• Should purchasing tobacco be off limits to 18-20 year olds?

    That’s the subject of a thoughtful piece in the Annals of Internal Medicine. “Increasing the “Smoking Age”: The Right Thing to Do“. Looks like it’s behind a paywall, unfortunately.

    Tobacco use remains the leading cause of preventable death in the United States, and the goal of comprehensive tobacco control is to reduce its harm to society. Helping smokers quit is insufficient – it is also critical to prevent young people from ever taking a puff on that first cigarette. toward this aim, New York city has proposed to increase the legal age of sale for tobacco products from 18 to 21 years and to make it illegal for merchants to sell tobacco to persons younger than 21 years.

    Why? First of all, because almost 9 out of 10 daily smokers have their first cigarette by 18 years of age, and those to become regular users usually do during young adulthood. Second, about 90% of cigarettes purchased for minors are obtained by people age 18-20 years. Finally, advertising has heavily focused on these age groups in the past.

    Sure, there are reasons to object. “Freedom”, for one. I’d buy into this more if I saw people making these arguments about alcohol. I’d also buy into it more if I didn’t know that states like Alaska and Utah have already raised the age to 19. I’ve seen people make business arguments, that this will hurt tobacco companies or bring in less tax revenue. I can live with both of these, as the positive tradeoffs likely outweigh the negatives. And before anyone starts claiming it can’t be enforced – again, I give you alcohol.

    NYC estimates that increasing the age to 21 years would reduce by more than half the number of people age 18-20 who smoke, and by two-thirds the number of kids 14-17 who smoke. That’s massive. They also report that more that almost 70% of non-smokers and 60% of smokers support this policy in the city.

    Looks like it might happen. I’m eager to see how this plays out.

    @aaronecarroll

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    • I have a hard time with many of the latest efforts against smoking. We’ve covered all the low hanging fruit in terms of making smoking out of sight and out of mind. You can’t advertise cigarettes, you can’t sell them to kids, you can’t use them indoors, you can’t pay less than a minimum price floor for them etc. Many of these are well-designed, thoughtful regulations. But now we are coming out with more and more regulations that seem to me to have no other purpose than to stigmatize and inconvenience smokers, at no benefit to non-smokers. It all looks like we’re enacting a general prohibition in slow-motion, and I don’t think that’s any better an idea than enacting prohibition in real time.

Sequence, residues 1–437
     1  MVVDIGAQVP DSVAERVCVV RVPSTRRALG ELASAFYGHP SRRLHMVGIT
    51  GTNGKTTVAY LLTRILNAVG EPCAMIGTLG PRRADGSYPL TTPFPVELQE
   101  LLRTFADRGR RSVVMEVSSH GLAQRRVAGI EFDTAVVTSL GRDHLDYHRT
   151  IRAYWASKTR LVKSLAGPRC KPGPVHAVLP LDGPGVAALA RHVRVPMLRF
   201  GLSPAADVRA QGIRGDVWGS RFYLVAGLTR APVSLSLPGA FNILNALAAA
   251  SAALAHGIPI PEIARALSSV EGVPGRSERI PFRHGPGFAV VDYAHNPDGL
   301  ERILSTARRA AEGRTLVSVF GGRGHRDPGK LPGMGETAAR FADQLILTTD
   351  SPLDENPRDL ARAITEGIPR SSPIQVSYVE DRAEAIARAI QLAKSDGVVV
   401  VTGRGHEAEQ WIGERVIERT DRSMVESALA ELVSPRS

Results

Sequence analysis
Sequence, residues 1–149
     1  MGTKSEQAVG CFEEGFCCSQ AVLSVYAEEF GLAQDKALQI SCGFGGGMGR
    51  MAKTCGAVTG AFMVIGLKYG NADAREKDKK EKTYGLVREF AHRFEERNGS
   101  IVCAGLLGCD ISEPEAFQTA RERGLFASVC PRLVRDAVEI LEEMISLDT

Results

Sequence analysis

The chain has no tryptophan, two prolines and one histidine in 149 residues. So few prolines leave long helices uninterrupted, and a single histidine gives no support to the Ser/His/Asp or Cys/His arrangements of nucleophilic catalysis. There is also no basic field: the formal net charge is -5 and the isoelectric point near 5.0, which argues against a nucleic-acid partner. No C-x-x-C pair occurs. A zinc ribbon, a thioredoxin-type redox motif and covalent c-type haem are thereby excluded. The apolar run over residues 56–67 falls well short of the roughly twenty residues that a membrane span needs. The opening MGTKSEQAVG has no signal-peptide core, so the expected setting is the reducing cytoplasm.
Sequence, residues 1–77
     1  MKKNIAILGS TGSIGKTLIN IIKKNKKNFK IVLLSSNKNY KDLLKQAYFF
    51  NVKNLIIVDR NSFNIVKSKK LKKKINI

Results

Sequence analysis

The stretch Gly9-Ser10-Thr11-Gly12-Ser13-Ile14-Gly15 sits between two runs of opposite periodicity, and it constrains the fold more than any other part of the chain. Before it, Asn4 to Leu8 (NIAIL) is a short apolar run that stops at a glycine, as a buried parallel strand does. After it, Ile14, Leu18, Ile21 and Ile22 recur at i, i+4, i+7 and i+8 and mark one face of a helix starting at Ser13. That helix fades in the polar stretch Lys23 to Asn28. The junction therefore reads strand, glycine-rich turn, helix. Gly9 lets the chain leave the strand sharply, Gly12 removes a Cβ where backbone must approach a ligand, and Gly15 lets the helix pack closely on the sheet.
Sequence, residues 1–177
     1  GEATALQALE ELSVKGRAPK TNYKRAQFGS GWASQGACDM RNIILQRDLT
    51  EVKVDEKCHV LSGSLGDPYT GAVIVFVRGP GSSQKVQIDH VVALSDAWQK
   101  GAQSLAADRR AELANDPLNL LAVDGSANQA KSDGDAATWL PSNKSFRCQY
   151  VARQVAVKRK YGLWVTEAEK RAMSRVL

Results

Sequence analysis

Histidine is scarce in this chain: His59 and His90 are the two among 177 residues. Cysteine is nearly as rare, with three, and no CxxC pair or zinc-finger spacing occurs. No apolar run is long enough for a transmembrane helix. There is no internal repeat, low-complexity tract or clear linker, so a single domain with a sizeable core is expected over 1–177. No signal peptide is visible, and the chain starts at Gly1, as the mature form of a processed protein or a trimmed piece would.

• I totally agree with this proposal! This is the right thing to do. Increasing the age limit to buy cigarettes will also increase the chance of helping other people from getting terrible cigarette causing diseases.

    • Dumb. Look sex causes illness and death and, even worse, pollutes the world with brats that we pretend to educate at great expense. I’m no smoker, but I’d encourage smoking over breeding.

      The best solution is to give folks a choice: give up either sex or nicotine.

    • I was struck by this – was anyone else…

      “First of all, because almost 9 out of 10 daily smokers have their first cigarette by 18 years of age”

      So we currently ban purchase before 18 – but 90% of teens get started before 18?

      I got an A in Logic in – what am I missing…

      • Unfortunately, you didn’t do as well in reading comprehension. The post clearly states: “Second, about 90% of cigarettes purchased for minors are obtained by people age 18-20 years.”

        A potentially reasonable response/objection: So why won’t they be purchased by those over 21?

        • @MV

          Going back to my experience as an underage drinker, the number of people I knew and could trust to not rip me off for a thirty pack or a bottle of bad whiskey who were both 21 and willing to break the law for me was a fairly small set of people (reliable membership of that set was 1 person with the occassional inclusion of the older sibling of someone in my tight social circle was dating at the time) The number of people who I knew as a 15 year old who were 18 and would have been willing to buy booze for me if they could access it was significantly higher as I was not an underage smoker but I knew enough underage smokers who got their smokes from their slightly older signficiant other or sibling of significant other.

    • I support the policy, but I think the “freedom” objection you mention is a straw man. An important part of the issue is whether or not 18-20 is the start of smoking onset, because if it typically begins much earlier (in age groups for whom tobacco sale is already prohibited) the policy would be relatively ineffective.

      Happily, so to speak, such a policy would target the right group.

      “Age 12–17: Significantly decreased from 2002 to 2010 (data shown only for this period given change in methodology).
      Age 18–25: Significantly increased from 2002 to 2010 (data shown only for this period given change in methodology).”

    • It would be good if it could be accomplished without drawing more young men into selling cigarettes illegally. IMHO the ban on marijuana sales draws some decent young men into selling marijuana putting them at risk of prison. I would rather we focus on methods that do not create such risks.